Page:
This weekend was a good time for animation. On TCM as I write this they are showing rare animation from as early as the 1900’s to the late 50’s. The first feature film shown was the Fleischer’s first feature Gulliver’s Travels, a superb film, one of my favorite animated films, and then after I got the opportunity to see Mr. Bug Goes to Town, the Fleischer’s 2nd and final animated feature. Unfortunately this film was sabotaged by extremely poor timing, when the film opened only two days after the attack on Pearl Harbor, and all that month no one in America could even think about going to the movies. This marked the end of the collaboration between brothers Max and Dave, who split apart after this film. Paramount had loaned them the money to make this feature, but when it fell apart, Paramount took their studio away from them turning it into what became known as Famous Studios, which continued for a little while to make Popeye cartoons and other shorts, but none of them were ever as brilliant as when the Fleischer’s made them. Mr. Bug had a second life on television for many years until eventually classic cartoons were stopped being shown on TV.
So this was my first time watching Mr. Bug Goes to Town. And quite honestly….its a very nice film. But I don’t think it’s as funny or enjoyable as Gulliver. Mr. Bug has a lot of good things going for it. For one, it was the first animated feature to have an original story (set in modern times). Most animated stories were based on children’s literature or fairy tales. This one stands on its own. There are also some great, well developed characters. The one thing I like about the Fleischer characters over Disney is that no one is inherently good or evil. The villains in most of their shorts (like Bluto, King Bombo, and Bagley Beetle) aren’t so much evil as they are just kind of….sons of bitches! And that’s great. Mr. Beetle in this film causes trouble, but he’s in just as much danger as everyone else when the shit hits the fan. He was my favorite character in the film. Hoppity the lead bug, I wasn’t so enthralled with. He’s happy go lucky, but some of that would come off as annoying, with some really corny lines (“Gee Weeds!”). I liked that much of the time while Hoppity is ever the optimist, most of the time he would fall on bad luck, where every time the other bugs would side with his plans, they almost always fall apart. One other character I loved was Mr. Creeper, a crabby, antagonistic snail character always spelling doom for Hoppity (“I told ya so!”).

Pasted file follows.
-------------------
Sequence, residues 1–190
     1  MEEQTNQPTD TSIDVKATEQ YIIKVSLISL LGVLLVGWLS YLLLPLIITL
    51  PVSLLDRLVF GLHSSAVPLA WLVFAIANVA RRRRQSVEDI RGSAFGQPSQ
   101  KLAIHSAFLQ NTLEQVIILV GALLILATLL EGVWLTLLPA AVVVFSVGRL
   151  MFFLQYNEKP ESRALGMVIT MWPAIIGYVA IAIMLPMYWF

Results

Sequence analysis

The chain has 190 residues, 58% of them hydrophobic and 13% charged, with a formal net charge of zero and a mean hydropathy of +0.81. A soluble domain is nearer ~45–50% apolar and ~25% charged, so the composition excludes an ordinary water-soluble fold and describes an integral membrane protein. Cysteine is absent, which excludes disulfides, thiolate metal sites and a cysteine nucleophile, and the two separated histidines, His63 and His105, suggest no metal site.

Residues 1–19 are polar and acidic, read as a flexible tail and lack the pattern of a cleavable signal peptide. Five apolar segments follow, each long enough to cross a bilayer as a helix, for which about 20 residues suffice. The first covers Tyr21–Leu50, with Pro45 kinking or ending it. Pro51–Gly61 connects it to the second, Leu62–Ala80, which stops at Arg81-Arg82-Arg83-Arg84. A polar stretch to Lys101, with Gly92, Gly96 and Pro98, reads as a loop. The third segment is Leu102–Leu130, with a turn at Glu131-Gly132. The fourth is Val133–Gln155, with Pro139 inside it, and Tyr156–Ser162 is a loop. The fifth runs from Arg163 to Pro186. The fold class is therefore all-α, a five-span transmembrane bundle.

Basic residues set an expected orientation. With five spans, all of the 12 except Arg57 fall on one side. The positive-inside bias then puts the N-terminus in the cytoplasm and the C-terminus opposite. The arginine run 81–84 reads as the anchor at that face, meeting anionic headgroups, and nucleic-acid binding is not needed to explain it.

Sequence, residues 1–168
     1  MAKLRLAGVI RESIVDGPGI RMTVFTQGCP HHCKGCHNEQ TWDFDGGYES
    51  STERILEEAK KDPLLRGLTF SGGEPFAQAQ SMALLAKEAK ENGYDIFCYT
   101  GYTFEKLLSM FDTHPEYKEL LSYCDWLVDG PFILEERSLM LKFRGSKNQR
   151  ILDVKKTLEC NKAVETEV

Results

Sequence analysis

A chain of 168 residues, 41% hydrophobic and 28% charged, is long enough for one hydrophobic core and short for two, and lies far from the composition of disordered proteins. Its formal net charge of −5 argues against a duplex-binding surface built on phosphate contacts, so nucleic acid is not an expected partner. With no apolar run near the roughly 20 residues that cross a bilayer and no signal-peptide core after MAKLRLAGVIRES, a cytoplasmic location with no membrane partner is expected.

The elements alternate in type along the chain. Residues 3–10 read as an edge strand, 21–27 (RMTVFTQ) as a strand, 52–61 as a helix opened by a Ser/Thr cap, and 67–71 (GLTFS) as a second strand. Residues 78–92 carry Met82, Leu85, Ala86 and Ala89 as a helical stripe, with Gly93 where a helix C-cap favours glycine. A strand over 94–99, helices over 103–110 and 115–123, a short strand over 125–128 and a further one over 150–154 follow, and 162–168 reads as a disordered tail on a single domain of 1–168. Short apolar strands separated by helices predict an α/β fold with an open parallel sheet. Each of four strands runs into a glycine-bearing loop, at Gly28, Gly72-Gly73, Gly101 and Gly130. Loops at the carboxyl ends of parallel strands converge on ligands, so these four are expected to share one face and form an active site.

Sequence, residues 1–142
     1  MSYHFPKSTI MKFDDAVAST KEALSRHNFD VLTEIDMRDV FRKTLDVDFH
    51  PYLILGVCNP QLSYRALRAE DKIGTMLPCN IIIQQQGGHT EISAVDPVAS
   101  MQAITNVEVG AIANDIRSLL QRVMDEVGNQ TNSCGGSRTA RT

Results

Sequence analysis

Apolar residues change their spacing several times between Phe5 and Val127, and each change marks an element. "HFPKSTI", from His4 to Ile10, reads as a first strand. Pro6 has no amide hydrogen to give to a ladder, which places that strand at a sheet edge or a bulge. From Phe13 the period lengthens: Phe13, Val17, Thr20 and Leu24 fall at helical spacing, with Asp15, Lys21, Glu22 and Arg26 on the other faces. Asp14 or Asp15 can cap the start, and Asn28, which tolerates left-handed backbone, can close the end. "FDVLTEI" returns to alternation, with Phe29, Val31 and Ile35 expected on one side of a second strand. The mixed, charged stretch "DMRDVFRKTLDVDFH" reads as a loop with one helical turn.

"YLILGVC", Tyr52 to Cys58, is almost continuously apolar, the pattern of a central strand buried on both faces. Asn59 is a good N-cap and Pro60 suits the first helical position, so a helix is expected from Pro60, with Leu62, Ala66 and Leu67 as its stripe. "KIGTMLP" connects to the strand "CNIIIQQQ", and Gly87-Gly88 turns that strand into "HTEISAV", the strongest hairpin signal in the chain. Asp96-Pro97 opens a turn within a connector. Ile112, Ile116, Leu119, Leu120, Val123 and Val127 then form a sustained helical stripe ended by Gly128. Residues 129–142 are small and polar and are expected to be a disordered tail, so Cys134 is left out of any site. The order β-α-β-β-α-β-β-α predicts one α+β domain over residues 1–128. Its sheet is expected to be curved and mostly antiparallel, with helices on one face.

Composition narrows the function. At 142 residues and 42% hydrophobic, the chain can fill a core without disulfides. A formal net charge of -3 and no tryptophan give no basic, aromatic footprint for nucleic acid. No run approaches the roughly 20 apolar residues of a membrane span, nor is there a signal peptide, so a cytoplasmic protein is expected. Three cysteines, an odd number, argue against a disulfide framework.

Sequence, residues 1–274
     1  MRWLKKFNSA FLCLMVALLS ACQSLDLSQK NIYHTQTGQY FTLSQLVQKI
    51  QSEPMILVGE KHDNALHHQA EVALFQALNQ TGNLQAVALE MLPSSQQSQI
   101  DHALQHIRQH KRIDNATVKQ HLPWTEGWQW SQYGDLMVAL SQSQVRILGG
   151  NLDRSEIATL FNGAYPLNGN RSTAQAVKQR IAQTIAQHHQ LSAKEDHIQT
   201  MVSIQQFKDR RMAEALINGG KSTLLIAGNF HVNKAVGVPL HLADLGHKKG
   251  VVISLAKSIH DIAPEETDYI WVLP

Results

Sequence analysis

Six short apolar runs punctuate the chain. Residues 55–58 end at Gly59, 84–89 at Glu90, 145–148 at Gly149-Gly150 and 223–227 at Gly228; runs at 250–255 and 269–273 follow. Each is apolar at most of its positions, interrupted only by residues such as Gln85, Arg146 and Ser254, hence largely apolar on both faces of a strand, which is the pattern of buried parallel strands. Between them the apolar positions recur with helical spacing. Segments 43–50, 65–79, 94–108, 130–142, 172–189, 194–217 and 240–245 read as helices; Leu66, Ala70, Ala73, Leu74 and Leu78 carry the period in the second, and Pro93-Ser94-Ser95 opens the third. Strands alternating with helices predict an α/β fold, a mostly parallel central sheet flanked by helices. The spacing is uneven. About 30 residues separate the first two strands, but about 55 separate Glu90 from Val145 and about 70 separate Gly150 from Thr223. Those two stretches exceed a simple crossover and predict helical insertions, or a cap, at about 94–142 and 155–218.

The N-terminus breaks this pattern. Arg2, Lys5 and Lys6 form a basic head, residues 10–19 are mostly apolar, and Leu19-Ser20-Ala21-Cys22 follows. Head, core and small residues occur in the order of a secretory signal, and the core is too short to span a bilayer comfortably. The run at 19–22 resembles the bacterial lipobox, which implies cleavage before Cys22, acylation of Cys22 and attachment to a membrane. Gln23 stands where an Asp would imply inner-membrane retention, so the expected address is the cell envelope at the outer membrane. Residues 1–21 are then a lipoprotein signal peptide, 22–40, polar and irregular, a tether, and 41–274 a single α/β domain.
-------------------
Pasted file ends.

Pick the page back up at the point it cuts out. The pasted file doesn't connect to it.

There is also some lovely animation, and terrific use of rotoscope on the human characters (which we never see the faces of). It’s feature quality animation, but the characters still exude charm with their designs, and often very funny bits of character animation. There is also an interesting sequence where Hoppity gets electrocuted, with the animation drawings seen with a glowing orange outline against a black backdrop. Its a very unique and technically cool little moment. As opposed to Gulliver, the story for Mr. Bug isn’t as engaging. It moves at a fairly slow pace, and it feels like it takes awhile for the story get going. Bagley Beetle has plans to marry Hoppity’s girlfriend, Honey, and Bagley occasionally tries to ruin things for Hoppity. But despite being well designed and being an engaging character, many times he never really felt like a serious threat. In Gulliver, Bombo was very bombastic and cartoonish, but the threat with his spies using Gulliver’s gun to try and kill Gulliver built more tension, and it was a very real danger scenario. Beetle doesn’t quite achieve that level of threat, and usually his celebrations for victory are premature (like in one scene when he kicks a burning cigar butt towards Honey and Mr. Bumble’s home, and Beetle celebrates before the cigar has a chance to set the house on fire. There’s also a good moment in that sequence where Hoppity tries to get water to put the fire out, but accidentally goes to a puddle of gasoline, and we assume Hoppity is going to get the blame when he causes Mr. Bumble’s house to explode. But that doesn’t happen, and Hoppity merely gets black faced when the cigar just explodes by itself instead, and tension dies.
While Mr. Bug is not a great film, it has its moments of fun, and there are plenty of technical achievements that the Fleischer’s developed with this film, as there are some beautiful backgrounds, camera moves, and definitely some fine character animation. There are some pretty good gags too. The Fleischer’s didn’t deserve to have their studio run into the ground after this, and there was just some tremendous unfortunate bad luck that resulted in the studios downfall. But if you haven’t seen this film, its worth discovering and checking out. And then go back and watch all the Fleischer’s great work from the 1920’s and 30’s, with Popeye, Betty Boop, Koko the Klown, Bimbo, and many more. Many of their technical achievements in animation are still used today. They were a truly great and innovative studio, and it would have been amazing to see the competition continue with Disney had they gotten to make more feature films. The one thing I admire most about the Fleischer’s is that while they were Disney’s biggest competitors, they rarely ever copied Disney in their storytelling. They had their own unique voice, as this was the first animated feature to have an original story. By all means check it out if you can.